“Blessed are the pure in heart, for they shall see God.”
When I hear this Beatitude, my focus immediately goes to the word “pure.” I think about things like sexual purity, using “clean” language, being honest in business dealings. “Blessed are the pure.” Purity is something of a novelty in our culture.
I have a feeling, though, that when Jesus’ disciples, that raggedy group of Jewish peasants, heard these words–“Blessed are the pure in heart”–I have a feeling it was the word “heart” that resonated most loudly in their ears.
Because they had heard about purity all their lives. They had read about purity in their sacred texts. (Imagine Leviticus as bedtime reading!) They knew the rules for sexual purity, yes. And also what foods were pure and impure. And also what types of fabrics they could wear. And also that they could not get a tattoo. And also how long it would take to purify themselves after touching a dead body. And after giving birth to a child. And when menstruating or after touching something that a menstruating woman had touched.
Yes. Those disciples knew all about purity.
Granted, we modern Christians tend to misunderstand the significance of purity for First century Jews. It’s not that an impure person–a woman who just gave birth or a man who had touched a dead body–it’s not that they were considered bad people. Certain types of impurity were accepted as a normal part of life. Being impure was not the scarlet A emblazoned on the chest.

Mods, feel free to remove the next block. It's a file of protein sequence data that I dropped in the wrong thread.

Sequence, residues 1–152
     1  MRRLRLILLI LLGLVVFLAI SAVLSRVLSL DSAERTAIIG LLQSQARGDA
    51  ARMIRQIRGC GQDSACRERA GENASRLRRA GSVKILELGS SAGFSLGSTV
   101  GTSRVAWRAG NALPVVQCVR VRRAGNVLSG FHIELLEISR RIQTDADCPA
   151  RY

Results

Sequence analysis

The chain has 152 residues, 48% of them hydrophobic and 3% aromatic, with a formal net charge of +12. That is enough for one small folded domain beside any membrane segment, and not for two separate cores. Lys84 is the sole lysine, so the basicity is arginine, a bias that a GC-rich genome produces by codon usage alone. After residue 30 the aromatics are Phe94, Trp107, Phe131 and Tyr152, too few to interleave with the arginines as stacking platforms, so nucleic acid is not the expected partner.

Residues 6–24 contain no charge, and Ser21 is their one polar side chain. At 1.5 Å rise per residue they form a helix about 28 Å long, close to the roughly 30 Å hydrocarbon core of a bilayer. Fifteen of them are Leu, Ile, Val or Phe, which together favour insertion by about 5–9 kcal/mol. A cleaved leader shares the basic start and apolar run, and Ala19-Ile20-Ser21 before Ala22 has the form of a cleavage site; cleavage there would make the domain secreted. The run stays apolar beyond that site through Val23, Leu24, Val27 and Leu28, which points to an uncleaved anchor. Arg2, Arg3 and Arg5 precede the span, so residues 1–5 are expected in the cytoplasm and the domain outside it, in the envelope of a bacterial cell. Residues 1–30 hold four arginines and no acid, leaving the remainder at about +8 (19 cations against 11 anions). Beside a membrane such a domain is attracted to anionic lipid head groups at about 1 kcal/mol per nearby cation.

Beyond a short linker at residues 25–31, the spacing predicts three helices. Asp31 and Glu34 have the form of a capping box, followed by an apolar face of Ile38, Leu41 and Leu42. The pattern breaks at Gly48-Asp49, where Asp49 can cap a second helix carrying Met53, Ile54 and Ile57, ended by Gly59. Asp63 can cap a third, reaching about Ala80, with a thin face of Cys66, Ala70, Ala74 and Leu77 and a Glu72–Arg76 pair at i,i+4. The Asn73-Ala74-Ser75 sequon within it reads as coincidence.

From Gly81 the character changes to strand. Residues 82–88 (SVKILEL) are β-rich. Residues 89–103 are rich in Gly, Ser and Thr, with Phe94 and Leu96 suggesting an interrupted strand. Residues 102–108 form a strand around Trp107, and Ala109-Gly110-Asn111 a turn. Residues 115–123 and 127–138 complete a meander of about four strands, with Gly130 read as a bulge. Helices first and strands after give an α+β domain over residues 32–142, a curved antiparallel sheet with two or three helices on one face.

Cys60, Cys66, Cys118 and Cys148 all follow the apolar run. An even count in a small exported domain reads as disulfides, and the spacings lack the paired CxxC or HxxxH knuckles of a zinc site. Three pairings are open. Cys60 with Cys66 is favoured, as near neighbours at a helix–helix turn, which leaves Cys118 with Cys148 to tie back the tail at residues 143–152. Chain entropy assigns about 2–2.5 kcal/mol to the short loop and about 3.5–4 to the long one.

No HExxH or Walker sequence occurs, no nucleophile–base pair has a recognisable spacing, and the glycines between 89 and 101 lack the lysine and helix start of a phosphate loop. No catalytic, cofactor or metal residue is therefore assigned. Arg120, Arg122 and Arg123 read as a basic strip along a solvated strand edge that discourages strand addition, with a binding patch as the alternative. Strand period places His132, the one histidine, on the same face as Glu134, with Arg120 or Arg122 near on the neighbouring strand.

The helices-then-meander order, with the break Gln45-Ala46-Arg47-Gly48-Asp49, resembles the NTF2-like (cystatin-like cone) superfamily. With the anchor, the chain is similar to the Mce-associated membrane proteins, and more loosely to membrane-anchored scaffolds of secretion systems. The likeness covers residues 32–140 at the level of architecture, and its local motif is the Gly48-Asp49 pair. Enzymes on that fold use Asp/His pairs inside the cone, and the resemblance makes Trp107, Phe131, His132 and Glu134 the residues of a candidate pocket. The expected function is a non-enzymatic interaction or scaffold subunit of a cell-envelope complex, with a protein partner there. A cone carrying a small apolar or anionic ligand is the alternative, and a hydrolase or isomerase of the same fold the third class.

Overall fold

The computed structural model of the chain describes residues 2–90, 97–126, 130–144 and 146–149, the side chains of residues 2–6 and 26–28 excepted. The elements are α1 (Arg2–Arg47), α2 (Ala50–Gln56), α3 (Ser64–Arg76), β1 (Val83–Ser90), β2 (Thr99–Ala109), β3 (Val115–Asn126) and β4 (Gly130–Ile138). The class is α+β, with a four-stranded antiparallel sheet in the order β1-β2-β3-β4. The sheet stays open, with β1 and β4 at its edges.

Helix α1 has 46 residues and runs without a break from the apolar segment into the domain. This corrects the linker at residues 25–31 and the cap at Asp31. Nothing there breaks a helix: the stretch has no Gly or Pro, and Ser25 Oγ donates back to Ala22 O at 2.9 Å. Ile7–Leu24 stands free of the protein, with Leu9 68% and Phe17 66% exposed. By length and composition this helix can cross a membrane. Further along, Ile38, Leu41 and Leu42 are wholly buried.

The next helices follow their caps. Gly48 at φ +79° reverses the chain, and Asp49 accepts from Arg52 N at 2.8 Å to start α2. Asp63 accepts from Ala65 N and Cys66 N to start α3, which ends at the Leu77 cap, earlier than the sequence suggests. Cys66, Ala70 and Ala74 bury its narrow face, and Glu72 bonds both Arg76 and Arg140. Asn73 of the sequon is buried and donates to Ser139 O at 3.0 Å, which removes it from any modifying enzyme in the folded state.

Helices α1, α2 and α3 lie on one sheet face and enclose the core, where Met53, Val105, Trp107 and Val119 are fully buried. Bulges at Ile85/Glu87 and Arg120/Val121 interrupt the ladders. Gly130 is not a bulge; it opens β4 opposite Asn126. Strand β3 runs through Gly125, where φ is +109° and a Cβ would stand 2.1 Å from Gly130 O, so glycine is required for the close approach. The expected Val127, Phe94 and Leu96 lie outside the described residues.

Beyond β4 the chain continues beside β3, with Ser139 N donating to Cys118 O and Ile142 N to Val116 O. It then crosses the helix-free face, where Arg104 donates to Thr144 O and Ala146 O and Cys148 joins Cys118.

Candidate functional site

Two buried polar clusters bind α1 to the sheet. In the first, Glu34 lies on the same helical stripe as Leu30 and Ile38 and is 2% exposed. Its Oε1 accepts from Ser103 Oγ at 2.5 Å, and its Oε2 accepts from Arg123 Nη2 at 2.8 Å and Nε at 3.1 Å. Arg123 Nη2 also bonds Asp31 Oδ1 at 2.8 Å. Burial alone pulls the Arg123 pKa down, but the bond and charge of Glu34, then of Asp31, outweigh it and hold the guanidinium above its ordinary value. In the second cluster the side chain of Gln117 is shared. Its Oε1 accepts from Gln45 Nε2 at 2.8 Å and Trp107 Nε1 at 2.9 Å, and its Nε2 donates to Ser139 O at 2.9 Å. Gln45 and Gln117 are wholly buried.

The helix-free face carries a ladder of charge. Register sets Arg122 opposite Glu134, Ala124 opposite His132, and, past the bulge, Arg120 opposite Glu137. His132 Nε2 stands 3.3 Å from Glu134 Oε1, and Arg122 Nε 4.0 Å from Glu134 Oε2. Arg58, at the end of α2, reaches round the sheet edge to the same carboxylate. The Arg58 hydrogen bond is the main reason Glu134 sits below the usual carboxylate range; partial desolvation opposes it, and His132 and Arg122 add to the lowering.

Being impure was a temporary state of being. And it didn’t mean you were going to hell. What it mostly meant was that your participation in the temple rituals was limited–which wasn’t even an issue for a lot of folks–especially the ones in the Galilean countryside.
If you were impure, you couldn’t go into the temple courts. (That’s why the priest walks by the Samaritan on the side of the road, right? For all the priest knows, the man is dead. And if he touches a dead body, he can’t enter the temple for a few days, which would kind of make it hard for him to do his job as a priest.)
Really, everyone was impure at one time or another. And it wasn’t that big a deal unless you wanted to go into the temple. Unless you were a priest who was designated to enter the inner courts, to approach the Holy of Holies where God was said to reside. You had to be pure to enter the physical space that was understood to be the residence of the Divine.
You see, in the temple cultic system, it was the pure of body who got to see God.
But that’s not what Jesus says. Jesus says, “Blessed are the pure of heart, for they shall see God.”
God, it seems, is not concerned with outward manifestations of holiness and religiosity the way the worldly authorities are.
In the end, it becomes clear that the religious and political authorities do not appreciate Jesus’ focus on purity of heart. It was easier to maintain their positions of power and control if religion was about purity of body.
But for those Jewish peasants on the hillside, listening to the Sermon on the Mount; for the people who are impure, the ones who will never be allowed into the Holy of Holies to see Yahweh–for these people, the words of Jesus are words of life: “Blessed are the pure in heart, for they shall see God.”
[This reflection is excerpted from a sermon preached on January 27, 2013.]